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    Nah, just sounds like she's talking about her boyfriend to me. – Dan Anderson Oct 10 '17 at 14:27
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In situations like these, the problem is not the boyfriend but the roommate. The roommate is renting the room, not the boyfriend.

You need to address the issue directly with the roommate, preferably when the boyfriend is not around. You need to be polite and direct. Joking about it won't help your situation at all.

If you talk to her and the problem persists, the next step is to knock on their door when the noise gets too loud and ask them to be quiet explaining that although it might sound strange, the sound insulation on the ceiling is really bad and you're unable to sleep.

Do that a few times and see if the situation improves. If it doesn't perhaps you can contact the landlord/leasing company/association and register a complaint.

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As someone who's been on both sides of that, I can say that the most simple approach is the best, if they are being loud while you're trying to sleep, just go downstairs knock on their door and say:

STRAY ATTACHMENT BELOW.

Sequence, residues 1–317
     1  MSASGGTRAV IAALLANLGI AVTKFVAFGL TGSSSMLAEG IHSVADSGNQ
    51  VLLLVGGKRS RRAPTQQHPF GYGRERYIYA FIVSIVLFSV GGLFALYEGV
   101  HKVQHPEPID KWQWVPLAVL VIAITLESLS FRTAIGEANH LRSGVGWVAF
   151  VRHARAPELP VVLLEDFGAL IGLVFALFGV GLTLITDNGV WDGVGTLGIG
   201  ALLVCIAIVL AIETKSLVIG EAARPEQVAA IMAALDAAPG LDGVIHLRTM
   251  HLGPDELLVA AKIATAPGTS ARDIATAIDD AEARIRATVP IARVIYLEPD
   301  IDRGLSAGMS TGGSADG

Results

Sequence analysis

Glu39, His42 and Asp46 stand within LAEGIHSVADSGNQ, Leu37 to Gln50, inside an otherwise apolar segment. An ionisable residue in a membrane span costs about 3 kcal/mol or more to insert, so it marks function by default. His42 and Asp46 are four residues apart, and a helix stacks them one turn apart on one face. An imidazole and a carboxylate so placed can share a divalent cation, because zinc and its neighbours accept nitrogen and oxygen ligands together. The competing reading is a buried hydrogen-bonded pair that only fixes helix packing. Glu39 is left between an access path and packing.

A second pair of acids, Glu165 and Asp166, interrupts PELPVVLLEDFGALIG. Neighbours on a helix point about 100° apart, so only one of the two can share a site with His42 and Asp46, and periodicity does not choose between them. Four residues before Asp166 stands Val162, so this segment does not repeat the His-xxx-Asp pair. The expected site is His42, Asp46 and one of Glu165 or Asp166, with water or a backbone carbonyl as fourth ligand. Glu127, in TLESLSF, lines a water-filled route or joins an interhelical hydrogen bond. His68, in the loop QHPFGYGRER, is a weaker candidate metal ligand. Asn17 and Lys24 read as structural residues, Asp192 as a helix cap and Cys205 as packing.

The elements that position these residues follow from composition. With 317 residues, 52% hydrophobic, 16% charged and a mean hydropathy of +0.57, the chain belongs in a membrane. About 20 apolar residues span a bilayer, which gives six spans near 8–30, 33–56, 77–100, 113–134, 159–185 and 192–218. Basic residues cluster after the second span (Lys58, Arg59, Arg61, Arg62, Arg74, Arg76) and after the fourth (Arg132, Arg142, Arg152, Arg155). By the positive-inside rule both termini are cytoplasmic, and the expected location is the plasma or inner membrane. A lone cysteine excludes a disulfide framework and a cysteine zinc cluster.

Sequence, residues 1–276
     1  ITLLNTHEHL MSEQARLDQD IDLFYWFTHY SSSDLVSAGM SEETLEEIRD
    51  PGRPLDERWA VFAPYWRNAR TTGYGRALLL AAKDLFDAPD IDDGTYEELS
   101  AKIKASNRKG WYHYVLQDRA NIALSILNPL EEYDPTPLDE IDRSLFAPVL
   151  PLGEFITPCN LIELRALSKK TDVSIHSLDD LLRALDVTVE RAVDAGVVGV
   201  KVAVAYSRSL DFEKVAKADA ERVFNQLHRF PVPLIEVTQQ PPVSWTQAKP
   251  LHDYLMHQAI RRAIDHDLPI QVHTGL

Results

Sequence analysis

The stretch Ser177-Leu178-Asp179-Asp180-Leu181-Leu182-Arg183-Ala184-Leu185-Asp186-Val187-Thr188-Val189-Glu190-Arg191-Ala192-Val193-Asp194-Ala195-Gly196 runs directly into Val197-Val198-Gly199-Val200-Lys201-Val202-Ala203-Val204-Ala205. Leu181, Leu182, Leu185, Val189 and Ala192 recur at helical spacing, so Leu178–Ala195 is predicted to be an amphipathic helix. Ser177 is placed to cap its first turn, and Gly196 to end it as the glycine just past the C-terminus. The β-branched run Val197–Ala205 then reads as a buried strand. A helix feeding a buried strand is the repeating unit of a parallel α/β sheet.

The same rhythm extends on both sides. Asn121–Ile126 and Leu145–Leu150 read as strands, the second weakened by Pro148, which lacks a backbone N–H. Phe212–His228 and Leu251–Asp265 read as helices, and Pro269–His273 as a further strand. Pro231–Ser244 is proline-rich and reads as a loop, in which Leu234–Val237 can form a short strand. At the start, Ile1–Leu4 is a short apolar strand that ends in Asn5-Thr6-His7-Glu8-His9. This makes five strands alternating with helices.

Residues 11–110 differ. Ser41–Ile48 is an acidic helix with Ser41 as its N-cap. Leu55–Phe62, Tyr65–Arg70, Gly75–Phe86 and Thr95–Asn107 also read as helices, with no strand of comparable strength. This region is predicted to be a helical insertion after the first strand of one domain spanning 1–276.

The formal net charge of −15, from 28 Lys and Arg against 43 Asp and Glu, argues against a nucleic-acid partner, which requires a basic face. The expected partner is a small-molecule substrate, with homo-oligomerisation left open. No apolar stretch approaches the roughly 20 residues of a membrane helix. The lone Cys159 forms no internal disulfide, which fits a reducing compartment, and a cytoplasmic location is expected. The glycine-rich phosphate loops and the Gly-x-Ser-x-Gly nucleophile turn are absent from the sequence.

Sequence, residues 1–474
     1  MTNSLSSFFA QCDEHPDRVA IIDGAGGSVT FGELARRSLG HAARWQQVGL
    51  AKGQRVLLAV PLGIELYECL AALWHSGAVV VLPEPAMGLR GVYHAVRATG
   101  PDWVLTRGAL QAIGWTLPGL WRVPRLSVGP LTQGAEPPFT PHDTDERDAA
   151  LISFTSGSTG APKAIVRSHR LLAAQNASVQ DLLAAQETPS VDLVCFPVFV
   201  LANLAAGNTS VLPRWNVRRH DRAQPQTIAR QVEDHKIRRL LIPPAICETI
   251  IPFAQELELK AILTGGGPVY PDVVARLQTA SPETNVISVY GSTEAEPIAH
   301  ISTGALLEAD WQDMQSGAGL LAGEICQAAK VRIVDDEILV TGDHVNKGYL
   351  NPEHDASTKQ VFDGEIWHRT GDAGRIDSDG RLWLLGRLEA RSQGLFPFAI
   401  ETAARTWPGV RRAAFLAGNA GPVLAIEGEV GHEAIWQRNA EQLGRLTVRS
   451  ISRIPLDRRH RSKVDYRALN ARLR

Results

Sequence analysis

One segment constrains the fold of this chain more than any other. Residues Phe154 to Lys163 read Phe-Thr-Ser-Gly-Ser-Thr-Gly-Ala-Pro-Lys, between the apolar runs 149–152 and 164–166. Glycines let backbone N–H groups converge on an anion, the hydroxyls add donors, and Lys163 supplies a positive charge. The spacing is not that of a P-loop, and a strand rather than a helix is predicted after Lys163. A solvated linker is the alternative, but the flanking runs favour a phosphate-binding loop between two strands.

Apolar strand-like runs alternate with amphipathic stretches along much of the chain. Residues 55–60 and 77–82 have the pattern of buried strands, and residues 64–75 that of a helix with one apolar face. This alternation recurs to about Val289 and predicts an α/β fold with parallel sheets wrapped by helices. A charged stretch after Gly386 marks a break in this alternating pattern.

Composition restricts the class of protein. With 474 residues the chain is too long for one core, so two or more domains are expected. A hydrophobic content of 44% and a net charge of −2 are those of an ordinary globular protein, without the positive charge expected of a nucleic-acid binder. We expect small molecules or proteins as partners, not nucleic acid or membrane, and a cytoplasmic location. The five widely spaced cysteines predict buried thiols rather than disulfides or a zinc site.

Hey, guys, do you mind being a little quieter, I'm having trouble falling asleep

If you have a good relationship with them there is nothing weird about just asking. And if I see a sleepy looking person in pajamas asking me to be quieter, I'd know why, and wouldn't think they're being unreasonable

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Don't leave a note, I once got a note from a room mate and it definitely felt passive aggressive. Most people prefer to hear any requests for different behavior in person.

Just be frank and polite in your request. If you can throw in a genuine compliment in your request all the better.

Also, you may consider earplugs. I once had a room mate who would have shouting matches on the phone at 4:00 in the morning. And he would stay up all night watching TV. It was miserable, until I started using earplugs. Earplugs saved my sanity.